Recipe: Swiss Chard with Black-Eyed Beans

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This is a recipe from my new favourite recipe book Veggiestan by Sally Butcher. Now, I will be posting a proper review of the book later on, but I wanted to try a recipe before I did so. It wasn’t going to be this one, to be honest, there’s a recipe for carrots and yellow split peas from Afghanistan I wanted to try. However, that takes two hours to cook and today, real life intervened, cutting down the time I had for cooking. This recipe uses black-eyed beans (or peas) which cook much quicker. And I had some swiss chard in the fridge, so this seemed an obvious choice.

The original recipe calls for a leek but I didn’t have one, so I substituted a sweet, red onion instead. This is a lovely recipe, I think any dark green leaf would work if you didn’t have swiss chard to hand. You could also substitute the pulse part as well – chickpeas would be nice here, I think.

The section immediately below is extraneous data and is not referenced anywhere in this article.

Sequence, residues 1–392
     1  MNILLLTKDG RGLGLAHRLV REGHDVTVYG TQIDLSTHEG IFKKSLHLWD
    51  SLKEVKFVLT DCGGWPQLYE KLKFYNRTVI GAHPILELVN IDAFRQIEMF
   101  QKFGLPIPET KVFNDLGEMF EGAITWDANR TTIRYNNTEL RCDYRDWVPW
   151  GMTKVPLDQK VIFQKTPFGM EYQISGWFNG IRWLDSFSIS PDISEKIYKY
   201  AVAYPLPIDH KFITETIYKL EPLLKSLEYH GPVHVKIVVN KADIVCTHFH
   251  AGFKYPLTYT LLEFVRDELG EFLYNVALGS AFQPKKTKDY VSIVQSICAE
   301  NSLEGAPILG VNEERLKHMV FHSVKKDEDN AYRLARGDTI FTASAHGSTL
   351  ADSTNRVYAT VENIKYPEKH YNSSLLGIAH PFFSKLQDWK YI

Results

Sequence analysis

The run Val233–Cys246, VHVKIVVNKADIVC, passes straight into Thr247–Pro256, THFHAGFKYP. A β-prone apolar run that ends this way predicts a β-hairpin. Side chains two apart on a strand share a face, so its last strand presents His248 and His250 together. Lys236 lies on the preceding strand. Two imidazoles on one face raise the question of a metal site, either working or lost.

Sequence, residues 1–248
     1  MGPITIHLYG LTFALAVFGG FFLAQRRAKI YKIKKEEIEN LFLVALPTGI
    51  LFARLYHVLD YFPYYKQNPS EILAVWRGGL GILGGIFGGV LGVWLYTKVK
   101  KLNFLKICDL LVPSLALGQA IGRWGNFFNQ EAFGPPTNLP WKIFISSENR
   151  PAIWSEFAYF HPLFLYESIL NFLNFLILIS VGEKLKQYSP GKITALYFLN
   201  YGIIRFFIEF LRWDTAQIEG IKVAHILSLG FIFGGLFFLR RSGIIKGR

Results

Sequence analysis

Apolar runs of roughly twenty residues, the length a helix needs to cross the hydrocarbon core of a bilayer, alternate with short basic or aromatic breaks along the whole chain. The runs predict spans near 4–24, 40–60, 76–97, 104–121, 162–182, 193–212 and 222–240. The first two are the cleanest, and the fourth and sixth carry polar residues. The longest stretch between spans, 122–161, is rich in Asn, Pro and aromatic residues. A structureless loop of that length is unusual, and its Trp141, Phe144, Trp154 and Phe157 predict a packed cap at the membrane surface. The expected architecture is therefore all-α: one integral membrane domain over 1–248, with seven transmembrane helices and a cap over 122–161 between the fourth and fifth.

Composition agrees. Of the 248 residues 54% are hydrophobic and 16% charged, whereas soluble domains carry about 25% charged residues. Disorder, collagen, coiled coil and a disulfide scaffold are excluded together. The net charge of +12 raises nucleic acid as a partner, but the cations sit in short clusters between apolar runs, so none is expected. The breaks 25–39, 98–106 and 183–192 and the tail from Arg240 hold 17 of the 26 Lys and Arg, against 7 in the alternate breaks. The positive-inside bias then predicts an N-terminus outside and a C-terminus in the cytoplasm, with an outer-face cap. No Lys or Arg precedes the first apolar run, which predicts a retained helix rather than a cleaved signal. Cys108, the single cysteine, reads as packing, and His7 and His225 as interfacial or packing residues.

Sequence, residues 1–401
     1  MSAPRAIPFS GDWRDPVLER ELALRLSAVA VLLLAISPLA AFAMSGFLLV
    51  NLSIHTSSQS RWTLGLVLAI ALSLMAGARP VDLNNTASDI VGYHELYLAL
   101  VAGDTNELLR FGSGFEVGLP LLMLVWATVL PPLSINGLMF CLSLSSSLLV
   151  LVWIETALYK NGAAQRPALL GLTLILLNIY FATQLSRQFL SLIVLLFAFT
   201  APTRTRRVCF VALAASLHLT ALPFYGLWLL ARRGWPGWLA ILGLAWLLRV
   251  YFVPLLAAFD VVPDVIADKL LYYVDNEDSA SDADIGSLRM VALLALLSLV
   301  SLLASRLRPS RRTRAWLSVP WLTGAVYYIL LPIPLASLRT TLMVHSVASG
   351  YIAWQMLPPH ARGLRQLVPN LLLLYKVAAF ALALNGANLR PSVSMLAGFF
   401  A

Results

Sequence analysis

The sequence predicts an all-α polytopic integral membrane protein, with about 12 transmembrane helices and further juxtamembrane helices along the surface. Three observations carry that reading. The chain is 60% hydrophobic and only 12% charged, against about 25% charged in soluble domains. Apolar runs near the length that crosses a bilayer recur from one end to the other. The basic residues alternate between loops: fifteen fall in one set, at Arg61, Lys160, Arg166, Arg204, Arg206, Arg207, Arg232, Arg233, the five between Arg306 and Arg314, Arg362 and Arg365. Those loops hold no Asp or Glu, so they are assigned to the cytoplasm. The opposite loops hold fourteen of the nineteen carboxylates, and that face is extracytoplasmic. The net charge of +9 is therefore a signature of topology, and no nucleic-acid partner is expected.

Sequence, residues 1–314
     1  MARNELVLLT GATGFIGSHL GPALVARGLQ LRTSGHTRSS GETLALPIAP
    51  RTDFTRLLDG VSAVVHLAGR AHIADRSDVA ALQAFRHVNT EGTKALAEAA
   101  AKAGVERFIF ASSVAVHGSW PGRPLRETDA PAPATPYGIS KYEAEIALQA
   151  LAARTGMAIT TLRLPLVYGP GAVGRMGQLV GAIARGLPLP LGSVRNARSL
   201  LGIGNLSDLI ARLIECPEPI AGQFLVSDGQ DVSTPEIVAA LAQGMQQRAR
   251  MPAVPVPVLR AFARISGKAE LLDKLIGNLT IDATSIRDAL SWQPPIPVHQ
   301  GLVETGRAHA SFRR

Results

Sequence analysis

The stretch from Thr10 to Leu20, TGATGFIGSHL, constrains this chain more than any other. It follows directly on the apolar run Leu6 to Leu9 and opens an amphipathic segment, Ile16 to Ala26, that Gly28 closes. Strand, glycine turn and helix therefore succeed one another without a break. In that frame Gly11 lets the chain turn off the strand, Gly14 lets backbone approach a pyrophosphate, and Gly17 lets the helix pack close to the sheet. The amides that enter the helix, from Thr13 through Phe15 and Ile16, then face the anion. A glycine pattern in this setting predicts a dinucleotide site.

Swiss chard black eyed beans photo DSCN1041_zps3c48636c.jpg

Ingredients
100g black-eyed beans
1 red onion, chopped
2 cloves garlic, chopped
300g swiss chard, stalks finely shredded, leaves roughly chopped
1/4tsp ground nutmeg
1/2tsp chilli powder
1/2 small packet coriander, chopped
2tbsp tahini
200ml vegetable stock
lemon wedges to serve

Cook the beans in boiling water for about 40 minutes or until tender.
When they are nearly cooked, heat a generous glug of oil in a large pan.
Add the red onion to the oil and soften for a couple of minutes.
Then add the garlic.
Stir in the chard stalks and cook for a couple of minutes.
Add the chard leaves, the nutmeg, chilli powder and coriander. Stir for a couple of minutes.
Stir in the cooked beans.
Stir the stock into the tahini a little bit at a time, stirring to mix them together thoroughly.
Add to the pan, cover and simmer for about five minutes.
Season with salt and pepper.
Serve with lemon wedges to squeeze over.

Serves 2 as dinner with bread to mop up the juices

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6 responses »

  1. Looks super! And Veggiestan sounds interesting too. What kind of bread would you include in the meal, any regionally appropriate ideas from the book? If I’m going to have bread as a feature with a meal, I sometimes like to bake myself. Oh, just a heads up, your links don’t seem to be working.

  2. I tried this but used spinach instead of chard (all I had) and it was fab with some Lebanese flatbread. The book has some mixed reviews in Amazon but the recipes you’ve posted are very nice

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